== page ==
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C4 News - Meetings and Events
EARLY AMERICAN COPPERS CONVENTION
EAC was held at the Cherry Valley Lodge in Newark, Ohio.
May 3rd - May 5th, 2013
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EAC invitation 2013 Forum Speakers
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A couple of C4 members reflect upon their convention experience:
Now I have a few minutes to share about the EAC Convention. I
decided to drive to Ohio and the 900+ mile round trip drive only seemed
to take a couple hours, when there's someone to talk coins with. We
left Trenton at 3:00 AM Thursday AM and arrived in the afternoon. i
had time to rest in the hotel room for a couple hours before attending
the EAC Reception. There was plenty of finger food to suffice for
dinner. I left the reception early to go back to my room to get the A/V
equipment for the EAC Colonial Happening, which started at 8:00 PM and
lasted until 9:30. There were many coins shared and talked about in
that hour and a half. The most interesting was a MA Cent. The obverse
was worn more than the reverse, the reverse being very nice. I couldn't
understand how the eagle could be so well struck and the word CENT was
mostly gone. Then I started to realize that the letters of CENT were
raised instead of incuse, a quality exhibited on only one variety...
and before the data clicked in my mind, someone hollered out that it was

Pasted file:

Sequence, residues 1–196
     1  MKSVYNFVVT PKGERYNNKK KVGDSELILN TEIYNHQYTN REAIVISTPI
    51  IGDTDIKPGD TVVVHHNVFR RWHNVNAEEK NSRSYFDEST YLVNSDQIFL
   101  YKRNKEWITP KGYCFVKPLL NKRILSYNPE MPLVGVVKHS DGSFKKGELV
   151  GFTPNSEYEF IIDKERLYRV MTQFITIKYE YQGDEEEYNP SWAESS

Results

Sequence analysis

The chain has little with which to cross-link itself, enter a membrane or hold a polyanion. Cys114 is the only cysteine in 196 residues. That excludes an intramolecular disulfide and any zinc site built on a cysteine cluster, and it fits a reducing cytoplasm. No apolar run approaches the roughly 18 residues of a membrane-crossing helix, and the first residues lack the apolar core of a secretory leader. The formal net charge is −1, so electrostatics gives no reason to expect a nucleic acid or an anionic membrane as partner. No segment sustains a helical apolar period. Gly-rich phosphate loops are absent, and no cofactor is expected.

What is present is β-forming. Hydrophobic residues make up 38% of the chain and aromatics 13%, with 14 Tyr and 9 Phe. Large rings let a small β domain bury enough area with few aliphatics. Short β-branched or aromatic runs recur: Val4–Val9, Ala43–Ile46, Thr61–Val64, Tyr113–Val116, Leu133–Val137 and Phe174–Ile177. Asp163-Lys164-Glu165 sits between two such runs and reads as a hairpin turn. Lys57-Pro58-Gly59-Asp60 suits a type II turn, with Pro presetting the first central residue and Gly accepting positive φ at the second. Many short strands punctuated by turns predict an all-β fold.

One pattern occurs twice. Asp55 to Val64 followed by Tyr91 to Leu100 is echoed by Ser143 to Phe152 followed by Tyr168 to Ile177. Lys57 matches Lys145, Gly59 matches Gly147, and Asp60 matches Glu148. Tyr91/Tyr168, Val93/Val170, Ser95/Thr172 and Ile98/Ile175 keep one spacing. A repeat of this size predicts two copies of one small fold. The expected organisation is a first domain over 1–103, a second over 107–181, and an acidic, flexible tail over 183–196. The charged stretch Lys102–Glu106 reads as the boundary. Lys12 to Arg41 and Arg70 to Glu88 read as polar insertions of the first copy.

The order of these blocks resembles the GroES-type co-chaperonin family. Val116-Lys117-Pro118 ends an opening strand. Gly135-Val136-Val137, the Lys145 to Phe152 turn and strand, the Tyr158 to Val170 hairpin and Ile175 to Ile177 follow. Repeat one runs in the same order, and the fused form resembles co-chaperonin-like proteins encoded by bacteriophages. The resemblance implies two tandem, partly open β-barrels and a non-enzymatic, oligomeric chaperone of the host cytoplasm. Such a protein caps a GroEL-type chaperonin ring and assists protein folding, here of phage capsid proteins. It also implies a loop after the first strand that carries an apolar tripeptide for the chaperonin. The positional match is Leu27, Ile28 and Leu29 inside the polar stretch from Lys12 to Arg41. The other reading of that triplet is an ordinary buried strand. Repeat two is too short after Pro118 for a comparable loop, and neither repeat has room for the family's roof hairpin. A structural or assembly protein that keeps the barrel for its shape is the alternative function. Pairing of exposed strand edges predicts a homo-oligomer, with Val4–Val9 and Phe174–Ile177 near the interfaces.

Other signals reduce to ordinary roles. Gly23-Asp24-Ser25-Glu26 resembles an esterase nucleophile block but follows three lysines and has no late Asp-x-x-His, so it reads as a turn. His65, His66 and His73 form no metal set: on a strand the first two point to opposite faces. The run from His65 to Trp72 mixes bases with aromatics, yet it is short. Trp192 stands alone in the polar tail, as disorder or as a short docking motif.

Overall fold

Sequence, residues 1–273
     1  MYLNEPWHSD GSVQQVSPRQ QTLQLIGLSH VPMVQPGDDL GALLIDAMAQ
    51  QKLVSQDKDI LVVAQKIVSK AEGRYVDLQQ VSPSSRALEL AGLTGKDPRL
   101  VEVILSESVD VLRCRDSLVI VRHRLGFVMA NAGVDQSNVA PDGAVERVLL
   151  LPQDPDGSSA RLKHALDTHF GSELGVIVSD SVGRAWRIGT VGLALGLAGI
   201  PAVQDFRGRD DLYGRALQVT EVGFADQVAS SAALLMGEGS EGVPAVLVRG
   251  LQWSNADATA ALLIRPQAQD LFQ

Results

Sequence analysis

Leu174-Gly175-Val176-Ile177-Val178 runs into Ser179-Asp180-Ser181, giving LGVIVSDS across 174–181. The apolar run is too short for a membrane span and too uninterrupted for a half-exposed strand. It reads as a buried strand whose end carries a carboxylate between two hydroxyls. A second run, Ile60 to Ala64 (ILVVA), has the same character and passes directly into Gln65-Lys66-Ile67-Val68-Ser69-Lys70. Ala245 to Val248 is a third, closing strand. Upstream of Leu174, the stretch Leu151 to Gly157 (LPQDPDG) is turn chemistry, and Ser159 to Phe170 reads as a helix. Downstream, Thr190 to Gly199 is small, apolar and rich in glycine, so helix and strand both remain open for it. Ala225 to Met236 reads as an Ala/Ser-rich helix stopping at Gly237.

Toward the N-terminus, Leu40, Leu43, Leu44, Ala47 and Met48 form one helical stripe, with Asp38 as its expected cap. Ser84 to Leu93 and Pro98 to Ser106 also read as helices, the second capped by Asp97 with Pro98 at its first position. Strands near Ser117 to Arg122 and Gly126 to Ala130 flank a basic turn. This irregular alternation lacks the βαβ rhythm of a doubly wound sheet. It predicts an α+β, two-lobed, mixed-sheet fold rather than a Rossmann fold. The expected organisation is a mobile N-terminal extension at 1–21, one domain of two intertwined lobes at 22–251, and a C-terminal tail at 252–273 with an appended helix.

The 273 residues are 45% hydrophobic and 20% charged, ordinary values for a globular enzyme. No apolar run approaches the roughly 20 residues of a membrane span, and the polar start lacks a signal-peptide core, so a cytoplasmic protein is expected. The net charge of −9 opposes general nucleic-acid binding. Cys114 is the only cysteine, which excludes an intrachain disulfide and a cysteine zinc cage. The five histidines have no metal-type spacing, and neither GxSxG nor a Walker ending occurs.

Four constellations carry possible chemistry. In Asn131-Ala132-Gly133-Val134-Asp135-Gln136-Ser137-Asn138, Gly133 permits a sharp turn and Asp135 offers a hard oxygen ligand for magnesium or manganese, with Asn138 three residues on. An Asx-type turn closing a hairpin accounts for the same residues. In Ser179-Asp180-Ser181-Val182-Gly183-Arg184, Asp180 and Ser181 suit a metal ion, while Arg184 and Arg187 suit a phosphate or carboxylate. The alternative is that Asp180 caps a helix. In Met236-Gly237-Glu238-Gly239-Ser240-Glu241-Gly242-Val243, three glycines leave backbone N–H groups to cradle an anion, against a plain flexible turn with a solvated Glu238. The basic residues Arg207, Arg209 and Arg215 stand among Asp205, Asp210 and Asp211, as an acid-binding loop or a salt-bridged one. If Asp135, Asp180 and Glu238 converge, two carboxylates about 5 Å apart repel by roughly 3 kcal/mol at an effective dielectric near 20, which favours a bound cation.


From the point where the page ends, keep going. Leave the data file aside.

a "Transposed Arrows Variety"... the scarcest and most desirable of the
MA cent series! I can't believe that I didn't see it when looking at
After the event, which was well attended, I packed up all the A/V
equipment and headed back to the room and passed out for the night, as
the wake up call was set for 7:00 AM. At 7:00 I arose, then a quick SSS
( a military acronym), a quick breakfast and off to the convention to do
2 hours of table duty at the reception desk - signing in members. I
then had an hour break to check out the bourse floor before reporting
for auction lot duty. In the middle of my duty, Darwin Palmer was kind
enough to relieve me, as a last minute publications meeting was called.
At 2:00 Friday, John Kraljevich gave a presentation on colonial
history using medals and the entire presentation was in rhyme! He made
the presentation in prose, and had Megan change the power point
screens. It might sound a bit corny, and it was, but it was also funny
at times and very educational. The prose will probably be published in
Penny Wise. I stayed around after John's talk for a presentation by
Mark Fashian, promoting a hand held device for metallurgical analysis.
It seemed very good and could perform the analysis thru the plastic of a